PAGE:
Physical Applications of Geometric Algebra


This course introduces a new approach to solving problems in physics based on the mathematical language of Geometric Algebra. Geometric Algebra was discovered in the 19th Century by the Cambridge mathematician W.K. Clifford and has been attracting much interest recently as a tool for unifying the study of a wide range of topics in physics. The first part of the course introduces Geometric Algebra and illustrates its use with some problems in non-relativistic physics. These include orbital motion, rigid-body dynamics and quantum spin. The second half of the course studies applications in relativistic physics. These are built on the geometric algebra of spacetime - the spacetime algebra or STA. This will be introduced to solve problems in relativistic electrodynamics and point particle mechanics, which provide a solid set of applications to build on. A look at relativistic quantum mechanics then paves the way for the introduction of gravitation as a gauge theory in the STA. This provides an alternative route to the Einstein equations to that of traditional General Relativity, and establishes a clear link between gravitation and gauge theories of the other fundamental forces. This will be of particular interest to students taking either the General Relativity or Gauge Theory courses, though knowledge of either will not be assumed.

Consistent application of a common language aids appreciation of the links between fields, and a strong emphasis is placed on encouraging inter-disciplinarity. This course is intended for the more theoretically minded, interested in ideas and applications that are not covered in other courses, but which are relevant to current research.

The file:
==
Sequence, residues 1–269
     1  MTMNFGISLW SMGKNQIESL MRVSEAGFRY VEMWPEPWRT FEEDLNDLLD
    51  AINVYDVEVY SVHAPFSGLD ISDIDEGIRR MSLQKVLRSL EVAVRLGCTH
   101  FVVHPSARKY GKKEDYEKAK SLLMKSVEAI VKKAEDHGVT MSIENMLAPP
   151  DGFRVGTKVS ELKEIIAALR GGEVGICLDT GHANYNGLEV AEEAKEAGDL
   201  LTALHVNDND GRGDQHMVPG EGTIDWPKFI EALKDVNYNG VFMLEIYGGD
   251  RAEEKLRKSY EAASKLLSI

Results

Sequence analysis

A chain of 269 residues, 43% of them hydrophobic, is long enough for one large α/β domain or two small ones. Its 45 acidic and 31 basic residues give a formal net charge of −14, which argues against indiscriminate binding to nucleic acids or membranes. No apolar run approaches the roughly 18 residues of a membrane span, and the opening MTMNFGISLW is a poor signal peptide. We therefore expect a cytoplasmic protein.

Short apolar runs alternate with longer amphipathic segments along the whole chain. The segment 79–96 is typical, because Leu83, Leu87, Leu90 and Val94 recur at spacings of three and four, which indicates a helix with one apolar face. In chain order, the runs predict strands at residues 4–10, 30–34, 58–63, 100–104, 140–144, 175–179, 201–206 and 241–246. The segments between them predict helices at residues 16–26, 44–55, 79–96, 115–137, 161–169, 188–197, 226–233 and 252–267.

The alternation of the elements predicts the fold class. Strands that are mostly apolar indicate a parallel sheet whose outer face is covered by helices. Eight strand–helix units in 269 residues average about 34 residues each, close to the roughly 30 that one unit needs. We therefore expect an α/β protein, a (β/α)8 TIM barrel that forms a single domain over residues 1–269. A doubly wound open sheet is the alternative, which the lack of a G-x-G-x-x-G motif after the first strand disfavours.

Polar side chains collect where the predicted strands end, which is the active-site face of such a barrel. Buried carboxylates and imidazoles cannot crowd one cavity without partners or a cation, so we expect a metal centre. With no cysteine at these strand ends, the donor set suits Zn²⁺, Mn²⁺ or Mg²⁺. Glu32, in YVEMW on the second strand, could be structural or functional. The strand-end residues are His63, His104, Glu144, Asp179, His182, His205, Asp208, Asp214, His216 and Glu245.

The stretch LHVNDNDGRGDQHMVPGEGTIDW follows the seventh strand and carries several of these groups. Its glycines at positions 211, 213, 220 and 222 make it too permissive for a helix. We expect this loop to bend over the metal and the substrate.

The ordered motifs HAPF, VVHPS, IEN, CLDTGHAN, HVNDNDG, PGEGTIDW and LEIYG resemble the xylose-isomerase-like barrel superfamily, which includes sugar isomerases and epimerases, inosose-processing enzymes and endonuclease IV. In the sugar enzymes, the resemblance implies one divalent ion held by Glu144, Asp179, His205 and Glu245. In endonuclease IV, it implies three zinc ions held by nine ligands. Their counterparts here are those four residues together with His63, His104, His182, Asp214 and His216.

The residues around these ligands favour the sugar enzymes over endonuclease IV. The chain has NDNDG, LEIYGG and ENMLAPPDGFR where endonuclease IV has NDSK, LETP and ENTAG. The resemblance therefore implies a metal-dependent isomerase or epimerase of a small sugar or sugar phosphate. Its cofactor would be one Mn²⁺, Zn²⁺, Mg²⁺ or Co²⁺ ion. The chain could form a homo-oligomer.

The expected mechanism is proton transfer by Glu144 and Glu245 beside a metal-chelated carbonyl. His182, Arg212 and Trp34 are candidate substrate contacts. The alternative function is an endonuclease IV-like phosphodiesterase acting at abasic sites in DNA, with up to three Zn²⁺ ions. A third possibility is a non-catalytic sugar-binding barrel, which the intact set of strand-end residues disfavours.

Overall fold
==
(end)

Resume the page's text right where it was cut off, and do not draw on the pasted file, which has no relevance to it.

Some history and the course aims; the geometric product, planes and bivectors; complex numbers and the Geometric Algebra of space; reflections, rotations, elliptic orbits and rigid body dynamics [4].

Spinors and quantum spin; magnetic resonancs [2].


An introduction to Spacetime Algebra; the equations of motion for a point particle, acceleration as a bivector and a rotor form of the equations of motion; applications in electrodynamics and particles with spin; the field due to a point charge and synchrotron radiation [5].


The Dirac equation, minimal coupling and gauge theories; gauge principles for gravitation and the field equations; curvature viewpoint versus the gauge viewpoint; the Newtonian gauge for spherical systems - the Schwarzschild solution and cosmology; the geodesic equation and its rotor form [5].

Reading List

A comprehensive set of handouts will be provided by the lecturers. Useful additional sources include:

Space-time Algebra by D Hestenes (Gordon and Breech 1966 )

New Foundations for Classical Mechanics D Hestenes (Reidel 1985 )

Clifford Algebra to Geometric Calculus by D Hestenes and G. Sobczyk (Reidel 1984 )

Clifford (Geometric) Algebras WE Baylis, Editor (Birkhauser 1996)

Multivectors and Clifford Algebra in Electrodynamics by B Jancewicz (World Scientific 1989)

A number of further papers can be obtained from the geometric algebra group publications page.

[ Cavendish | Geometric Algebra | Lecture Course ]

Last Modified 17 January 2001
Maintained by Chris Doran.